May 21 is now International Tea Day

The Hindu and Business Line

The United Nations General Assembly has designated May 21 as International Tea Day based on a proposal moved by India at the FAO Intergovernmental Group (IGG) on Tea in October 2015.

The move could provide the much-needed push to create awareness for tea consumption. This is particularly important for countries such as India, which has been witnessing a spike in production mainly by small tea growers, but has not seen a corresponding traction in demand or consumption, which has continued to remain fairly stable.

“Very happy that a proposal moved by India to observe #InternationalTeaDay at the @FAO IGG on Tea in Oct 2015 has been accepted by the UN General Assembly,” Joydeep Phukan, Coordinator on FAO IGG on Tea for India, said in a tweet on Wednesday.

Currently December 15 is celebrated as International Tea Day in tea producing nations such as Bangladesh, Sri Lanka, Nepal, Vietnam, Indonesia, Kenya, Malawi, Malaysia, Uganda, India and Tanzania. However, this was not really official and was done by an NGO, he said.

May was selected as it’s the quality tea manufacturing season in most tea producing countries.

Consumption push

“Now that we have a dedicated day for tea, we need to do interesting things around the day to re-position tea as the most preferred beverage in the world. The idea is to celebrate the goodness of tea and its benefits to the younger generation,” he said.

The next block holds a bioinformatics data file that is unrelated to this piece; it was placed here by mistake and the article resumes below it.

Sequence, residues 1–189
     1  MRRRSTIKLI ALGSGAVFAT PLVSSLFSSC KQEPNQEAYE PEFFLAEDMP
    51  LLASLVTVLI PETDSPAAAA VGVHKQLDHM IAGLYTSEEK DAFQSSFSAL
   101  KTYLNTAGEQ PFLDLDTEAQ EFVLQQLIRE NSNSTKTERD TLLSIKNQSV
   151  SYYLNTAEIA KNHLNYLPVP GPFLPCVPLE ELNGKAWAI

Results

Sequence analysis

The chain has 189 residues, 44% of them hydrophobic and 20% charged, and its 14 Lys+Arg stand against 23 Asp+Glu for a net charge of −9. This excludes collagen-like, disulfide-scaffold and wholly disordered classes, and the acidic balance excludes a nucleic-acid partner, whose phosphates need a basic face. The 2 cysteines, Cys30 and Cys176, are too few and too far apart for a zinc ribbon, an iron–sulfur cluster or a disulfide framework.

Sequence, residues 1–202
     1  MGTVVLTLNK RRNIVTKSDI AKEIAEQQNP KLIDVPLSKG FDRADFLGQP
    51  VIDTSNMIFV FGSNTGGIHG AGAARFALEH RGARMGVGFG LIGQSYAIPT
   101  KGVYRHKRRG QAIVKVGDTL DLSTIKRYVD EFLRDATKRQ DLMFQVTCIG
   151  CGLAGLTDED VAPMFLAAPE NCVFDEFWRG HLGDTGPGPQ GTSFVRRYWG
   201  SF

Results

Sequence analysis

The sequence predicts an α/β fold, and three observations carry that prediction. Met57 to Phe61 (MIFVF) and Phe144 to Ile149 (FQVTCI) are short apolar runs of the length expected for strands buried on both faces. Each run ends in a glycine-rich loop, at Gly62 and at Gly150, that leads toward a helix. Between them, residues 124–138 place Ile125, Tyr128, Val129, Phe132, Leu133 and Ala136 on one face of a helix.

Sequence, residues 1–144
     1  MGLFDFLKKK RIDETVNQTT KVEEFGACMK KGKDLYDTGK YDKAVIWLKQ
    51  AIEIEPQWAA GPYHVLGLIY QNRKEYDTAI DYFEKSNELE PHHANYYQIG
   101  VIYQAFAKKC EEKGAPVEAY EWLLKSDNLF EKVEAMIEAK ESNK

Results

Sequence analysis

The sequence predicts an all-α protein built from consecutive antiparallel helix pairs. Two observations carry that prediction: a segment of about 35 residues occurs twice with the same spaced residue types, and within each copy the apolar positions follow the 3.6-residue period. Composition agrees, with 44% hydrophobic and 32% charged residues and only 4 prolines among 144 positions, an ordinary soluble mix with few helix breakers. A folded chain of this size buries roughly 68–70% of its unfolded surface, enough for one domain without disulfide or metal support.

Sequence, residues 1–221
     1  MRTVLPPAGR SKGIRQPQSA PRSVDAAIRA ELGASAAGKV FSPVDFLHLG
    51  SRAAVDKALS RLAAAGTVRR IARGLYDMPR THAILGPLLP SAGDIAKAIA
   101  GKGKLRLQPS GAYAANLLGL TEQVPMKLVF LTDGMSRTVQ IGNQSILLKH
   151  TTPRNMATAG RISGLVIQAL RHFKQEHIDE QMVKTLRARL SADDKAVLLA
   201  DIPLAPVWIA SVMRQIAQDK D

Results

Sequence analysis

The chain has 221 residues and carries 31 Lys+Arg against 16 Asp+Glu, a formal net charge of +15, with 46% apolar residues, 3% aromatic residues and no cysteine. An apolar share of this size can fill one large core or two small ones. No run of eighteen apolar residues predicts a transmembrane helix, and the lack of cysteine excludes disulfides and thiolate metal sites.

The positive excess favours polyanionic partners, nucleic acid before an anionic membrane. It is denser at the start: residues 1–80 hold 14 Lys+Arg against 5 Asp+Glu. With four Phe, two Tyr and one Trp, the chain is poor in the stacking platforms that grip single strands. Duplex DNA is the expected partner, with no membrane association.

The FAO IGG on Tea is a forum for intergovernmental consultation and exchange on trends in production, consumption, trade and prices of tea, including regular appraisal of the global market situation and short-term outlook.

The Group, under FAO auspices, considers changes in national policies and examines their international effects in relation to the current and prospective market situation.

The observance of an International Tea Day will promote and foster collective actions to implement activities in favour of the sustainable production and consumption of tea and raise awareness of its importance in fighting hunger and poverty, the General Assembly observed.

The General Assembly said that the move is aimed at re-emphasising IGG’s call for greater efforts towards expanding demand, particularly in tea-producing countries where per capita consumption is relatively low, and supporting efforts to address declining per capita consumption in traditional importing countries. The UN General Assembly has invited all Members and observers of the UN, organisations of the UN system, other international and regional organisations and other relevant stakeholders, including civil society, the private sector and academia, to observe International Tea Day in an “appropriate manner”. It wants this done in accordance with national priorities, through education and activities aimed at raising public awareness of the importance of tea. The aim would also be to ensure rural development and sustainable livelihoods.

According to Vivek Goenka, Chairman, Indian Tea Association, the modalities regarding how the day would be celebrated and what programmes would be organised as a part of the celebration would be soon worked out.

The cost involved in conducting such activities arising from the implementation of the resolution would be met from voluntary contributions, including from the private sector, the General Assembly said.

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